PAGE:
New asylum and migration package from the EU: Unword of the year

The “return sponsorship” of the EU migration package reverses solidarity. It is no longer about sharing the burden of asylum, but of the burden of deportation.

Remote control and Bible in a cell in the Eisenhüttenstadt detention center Photo: Stafanie Loos

One term stuck to the plans for the new EU asylum system that the EU Commission presented on Wednesday: “return sponsorships”. Were in the net On the same day, he certified that he had the best chances of being voted “Unword of the Year”.

You have to come up with what is behind it first. When people in Brussels talked about “solidarity” in connection with flight and migration, one thing was meant in the past: to distribute the burden of taking in refugees as evenly as possible. This is now being turned around: Solidarity could also mean sharing the burdens of deportations, the commission announced. It’s a remarkably embarrassing political twist.

Governments like Viktor Orbán’s in Hungary thrive on their unwillingness to compromise on the refugee issue. But instead of at least trying to sanction the stance of the Visegrád states plus Austria, the commission now defended them in an ingratiating manner from criticism: “One’s concern is never more legitimate than that of the other. All worries deserve to be tackled, ”said the Commissioner for the Promotion of the European Lifestyle, Margaritis Schinas, on Wednesday.

But the populist whipped up “fear” of alleged foreign infiltration and the willingness to breach human rights are just not as legitimate as the concern to uphold basic and human rights and to share the burdens attached. When the Commission humps before Orbán with demonstrative indifference, it gives up itself as a political actor. The “deportation sponsorships” want to conceal exactly that.

Frontext trains deportation experts

In its pact, the Commission writes that on average around 370,000 asylum applications are rejected in the EU each year, but only around a third of these people are deported. It gives the impression that it is because nobody in the EU cares about deportations and the deportation sponsorships (and an additional “deportation coordinator” to be appointed) remedy this deficiency. This is nonsense.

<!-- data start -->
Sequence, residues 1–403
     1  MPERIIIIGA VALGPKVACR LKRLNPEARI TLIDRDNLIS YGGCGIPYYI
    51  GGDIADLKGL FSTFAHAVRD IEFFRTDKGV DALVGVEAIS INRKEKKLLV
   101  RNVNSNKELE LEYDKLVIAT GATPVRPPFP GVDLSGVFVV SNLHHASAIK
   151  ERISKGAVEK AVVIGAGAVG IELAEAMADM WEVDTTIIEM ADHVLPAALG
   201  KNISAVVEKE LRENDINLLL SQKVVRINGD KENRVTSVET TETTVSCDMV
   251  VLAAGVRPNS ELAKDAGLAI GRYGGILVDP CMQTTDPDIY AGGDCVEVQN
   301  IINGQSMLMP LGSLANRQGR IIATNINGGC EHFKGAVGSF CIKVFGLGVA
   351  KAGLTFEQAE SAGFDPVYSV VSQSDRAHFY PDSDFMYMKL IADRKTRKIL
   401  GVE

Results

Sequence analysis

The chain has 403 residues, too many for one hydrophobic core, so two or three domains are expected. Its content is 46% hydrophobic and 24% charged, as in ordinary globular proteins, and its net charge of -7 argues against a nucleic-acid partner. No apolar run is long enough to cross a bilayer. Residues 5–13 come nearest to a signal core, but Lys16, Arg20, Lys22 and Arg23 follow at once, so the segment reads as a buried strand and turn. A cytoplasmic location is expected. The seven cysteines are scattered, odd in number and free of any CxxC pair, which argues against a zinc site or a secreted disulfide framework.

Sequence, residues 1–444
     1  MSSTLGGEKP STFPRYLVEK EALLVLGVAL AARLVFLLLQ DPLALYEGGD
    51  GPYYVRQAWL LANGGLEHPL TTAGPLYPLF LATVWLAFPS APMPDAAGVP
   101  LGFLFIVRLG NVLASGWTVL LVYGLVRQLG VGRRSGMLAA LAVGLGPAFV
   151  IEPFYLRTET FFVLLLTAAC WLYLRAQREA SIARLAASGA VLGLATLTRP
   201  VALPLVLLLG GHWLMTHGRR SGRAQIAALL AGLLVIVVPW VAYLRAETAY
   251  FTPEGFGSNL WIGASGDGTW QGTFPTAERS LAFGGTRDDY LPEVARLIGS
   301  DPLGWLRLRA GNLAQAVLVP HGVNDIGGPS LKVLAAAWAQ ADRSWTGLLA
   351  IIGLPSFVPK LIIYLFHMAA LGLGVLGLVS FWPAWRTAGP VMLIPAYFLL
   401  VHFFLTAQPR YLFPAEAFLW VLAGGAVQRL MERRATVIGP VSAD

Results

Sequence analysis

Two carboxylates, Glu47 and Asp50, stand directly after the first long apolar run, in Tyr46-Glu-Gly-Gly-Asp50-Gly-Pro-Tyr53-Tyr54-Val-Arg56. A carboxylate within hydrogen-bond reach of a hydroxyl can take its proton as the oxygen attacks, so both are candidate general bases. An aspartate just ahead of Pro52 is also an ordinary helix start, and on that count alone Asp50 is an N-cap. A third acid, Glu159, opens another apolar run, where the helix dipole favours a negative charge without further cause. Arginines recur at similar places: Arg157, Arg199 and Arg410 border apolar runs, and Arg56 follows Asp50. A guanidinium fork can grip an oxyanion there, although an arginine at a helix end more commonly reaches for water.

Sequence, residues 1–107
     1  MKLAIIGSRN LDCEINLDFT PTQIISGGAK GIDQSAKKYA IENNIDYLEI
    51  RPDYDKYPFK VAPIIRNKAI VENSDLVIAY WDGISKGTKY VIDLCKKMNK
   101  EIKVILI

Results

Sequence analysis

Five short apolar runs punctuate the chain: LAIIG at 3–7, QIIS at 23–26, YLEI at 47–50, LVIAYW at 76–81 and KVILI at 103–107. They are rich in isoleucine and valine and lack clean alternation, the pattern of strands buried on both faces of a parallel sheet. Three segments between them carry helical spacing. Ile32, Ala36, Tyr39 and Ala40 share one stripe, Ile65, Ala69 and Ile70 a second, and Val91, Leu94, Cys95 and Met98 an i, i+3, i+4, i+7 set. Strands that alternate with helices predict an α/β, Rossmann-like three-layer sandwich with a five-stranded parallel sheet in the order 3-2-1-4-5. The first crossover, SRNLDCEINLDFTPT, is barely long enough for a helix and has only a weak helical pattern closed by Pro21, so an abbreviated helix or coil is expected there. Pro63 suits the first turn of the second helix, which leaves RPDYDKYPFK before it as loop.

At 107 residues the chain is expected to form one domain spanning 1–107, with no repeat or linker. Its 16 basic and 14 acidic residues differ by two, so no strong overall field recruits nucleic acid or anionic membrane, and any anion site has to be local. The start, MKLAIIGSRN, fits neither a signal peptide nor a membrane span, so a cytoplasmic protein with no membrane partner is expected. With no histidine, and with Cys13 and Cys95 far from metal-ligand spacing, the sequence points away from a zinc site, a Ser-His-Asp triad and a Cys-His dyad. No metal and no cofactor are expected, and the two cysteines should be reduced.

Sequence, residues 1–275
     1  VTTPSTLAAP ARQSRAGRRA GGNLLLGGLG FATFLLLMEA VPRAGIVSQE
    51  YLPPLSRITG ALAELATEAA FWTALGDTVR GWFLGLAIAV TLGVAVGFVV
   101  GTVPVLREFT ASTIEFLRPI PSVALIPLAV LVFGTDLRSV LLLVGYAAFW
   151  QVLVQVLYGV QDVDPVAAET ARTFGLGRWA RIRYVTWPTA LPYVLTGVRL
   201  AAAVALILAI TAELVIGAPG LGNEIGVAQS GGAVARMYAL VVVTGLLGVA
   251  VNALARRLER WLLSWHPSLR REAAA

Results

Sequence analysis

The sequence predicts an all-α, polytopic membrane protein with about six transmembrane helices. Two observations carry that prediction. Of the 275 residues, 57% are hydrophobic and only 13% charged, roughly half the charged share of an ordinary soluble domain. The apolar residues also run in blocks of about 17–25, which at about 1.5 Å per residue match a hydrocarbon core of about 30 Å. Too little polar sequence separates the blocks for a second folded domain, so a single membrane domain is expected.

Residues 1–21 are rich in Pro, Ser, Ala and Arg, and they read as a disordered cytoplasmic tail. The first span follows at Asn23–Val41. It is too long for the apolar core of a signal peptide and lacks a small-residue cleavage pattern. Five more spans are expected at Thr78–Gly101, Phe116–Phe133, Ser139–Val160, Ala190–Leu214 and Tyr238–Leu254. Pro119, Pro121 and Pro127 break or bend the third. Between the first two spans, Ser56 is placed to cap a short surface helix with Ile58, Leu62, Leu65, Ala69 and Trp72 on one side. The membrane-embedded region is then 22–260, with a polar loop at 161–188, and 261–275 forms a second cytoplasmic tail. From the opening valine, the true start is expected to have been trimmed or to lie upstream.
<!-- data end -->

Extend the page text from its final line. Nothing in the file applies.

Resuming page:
The burdens of deportations have long been collectivized in Europe: For years, the EU border protection agency Frontex has been upgraded so that more people are deported faster. Today, Frontex coordinates and finances Member States’ deportations. To do this, she chartered aircraft and booked seats on scheduled flights. Frontex helps the national immigration authorities to obtain passports and negotiates with the authorities in the destination countries.

She builds up a pool of specialized deportation experts, known as “escort officers”. This year, Frontex can spend 70 million euros from Brussels on these “return” activities. There will be more next year. And the next but one too.

The fact that “only” a third of all rejected persons are deported each year is not due to the fact that the poor external border states are left alone with the deportations and therefore need sponsorships.

The reason is that many people cannot be deported despite their asylum applications being rejected: Because they are sick or in training, because they are minors, because they come from a war zone, because they do not have a passport, their identity is unclear because legal proceedings are still pending not decided because they went into hiding or because their countries of origin do not take them back.

Some of them are required to leave the country, but they still have rights that may prevent deportation. And that’s right. What effect will the “deportation sponsorships” have?

Disenfranchisement is built in

The commission wants to stipulate that all states should voluntarily meet admission quotas. If they do not do that, they should alternatively deport a number of rejected asylum seekers from the external border states. They have eight months to do this per case. If they don’t succeed, they have to take them in themselves.

Let’s assume that the model of “godfather deportations” can be implemented – and Bulgarian police officers would travel to Valletta, for example, to bring rejected asylum seekers to Ghana from there: It is doubtful that states that have been trying to confront Brussels for years in order not to have to accept refugees, to take care of the rights of those rejected elsewhere.

Otherwise they would have to let them into the country. The disenfranchisement of refugees is already built into the model.

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